Wrapping up our coverage of the new SanDisk Extreme II SSD launch, we finally have the largest capacity size offered, 480GB. An interesting study would be to ask SSD users what capacity size drives they use in their desktop and notebook. Without any scientific study, I would assume more large capacity SSD's make their way into notebooks more often than desktops. In a desktop environment where more than a single SATA port is present, it would seem logical to purchase a new high speed SSD and use a tiered storage model, adding a spinner (HDD) to hold media files. A majority of notebook users don't have the luxury of ten SATA ports available for tiered storage.
Adding a SSD to a notebook has many benefits. For the last year we've shown battery life improvements and for as long as affordable SSD's have been on the market, we've shown large performance gains over mechanical hard drives. The one area we rarely touch on is how a high performance SSD increases a notebook's overall lifespan. Most of us buy new notebooks when the old one gets slow. Even though I have four newer notebooks within ten feet from me, I'm typing this article on a Lenovo T61p. This unit is so old it only uses SATA - not SATA II or SATA III - the really old stuff. I've replaced the keyboard three times, the battery many more time, but even now it doesn't feel slow. The Rifleman's Creed says, "This is my rifle. There are many rifles like it, but this one is mine."
This is my weapon and the SSD inside keeps it shooting straight. Certainly the 1920x1200 screen resolution helps too, but even that wouldn't keep this notebook in use if I had to keep a slow spinner inside. The point is, a high capacity SSD in an aging notebook increases service life and the performance increase can actually make your old notebook respond faster than a majority of new notebooks with mechanical HDD's. Going large on the capacity means you can keep more of the files you want without lugging around external storage.
Right now let's move on and check out SanDisk's 480GB Extreme II and see how it fits into this picture.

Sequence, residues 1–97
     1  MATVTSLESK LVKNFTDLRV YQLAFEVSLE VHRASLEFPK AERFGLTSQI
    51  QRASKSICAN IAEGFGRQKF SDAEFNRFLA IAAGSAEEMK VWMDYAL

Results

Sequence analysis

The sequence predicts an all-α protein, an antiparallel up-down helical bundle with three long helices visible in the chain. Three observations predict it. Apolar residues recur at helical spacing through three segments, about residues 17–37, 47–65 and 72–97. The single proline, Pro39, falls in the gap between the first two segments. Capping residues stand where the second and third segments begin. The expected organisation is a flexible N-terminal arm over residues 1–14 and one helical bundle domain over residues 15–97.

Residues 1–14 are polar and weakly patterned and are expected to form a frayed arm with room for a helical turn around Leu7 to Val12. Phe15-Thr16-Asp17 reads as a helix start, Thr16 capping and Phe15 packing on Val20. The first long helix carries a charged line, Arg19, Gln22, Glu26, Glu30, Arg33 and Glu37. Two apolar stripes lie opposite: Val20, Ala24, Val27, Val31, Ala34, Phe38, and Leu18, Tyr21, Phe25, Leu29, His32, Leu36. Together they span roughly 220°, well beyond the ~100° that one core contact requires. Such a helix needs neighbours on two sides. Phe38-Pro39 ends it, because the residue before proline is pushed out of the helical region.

PRICING: You can find products similar to this one for sale below.
United States: Find other tech and computer products like this over at Amazon's website.
United Kingdom: Find other tech and computer products like this over at Amazon UK's website.
Canada: Find other tech and computer products like this over at Amazon Canada's website.
- Page 1 [Introduction]
- Page 2 [Specifications, Pricing and Availability]
- Page 3 [SanDisk Extreme II 480GB]
- Page 4 [Benchmarks - Test System Setup and ATTO Baseline Performance]
- Page 5 [Benchmarks - Sequential Performance]
- Page 6 [Benchmarks - AIDA64 Random Access Time]
- Page 7 [Benchmarks - Anvil Storage Utilities]
Recommended for You
- We at TweakTown openly invite the companies who provide us with review samples / who are mentioned or discussed to express their opinion of our content. If any company representative wishes to respond, we will publish the response here.
Latest News Posts
- Xbox owners can pre-download Xbox One X 4K textures
- ARK cross-platform play on PS4 and PC BLOCKED by Sony
- Microsoft builds its own AI hardware: Project Brainwave
- HP Omen X gaming notebook: GTX 1080, 120Hz LCD, more
- Final Fantasy XV doesn't need 170GB HDD space on PC
- Killer Networking - Killer control center new version (Z97X Gaming 5)
- GIGABYTE X399 AORUS Gaming 7 TR4 Motherboard Review
- Linksys WRT32x AC3200 Wireless Gaming Router Review
- Massive drop in temps by lowering "VCCPLL OC" in BIOS: Is the reported temperature correct?
- Intel details 8th Generation Core CPUs with Kaby Lake-R
- Micron appoints Anand Jayapalan as Storage Business Unit Vice President
- Bluehole, Inc and Microsoft announce expanded partnership for PlayerUnknown's Battlegrounds
- Optimize system performance with new drive adapter
- Lian Li reveals new PC-Q39 tempered glass Mini-ITX tower
- Longsys' world-first 11.5x13mm NVMe BGA SSD drives new mobile user experience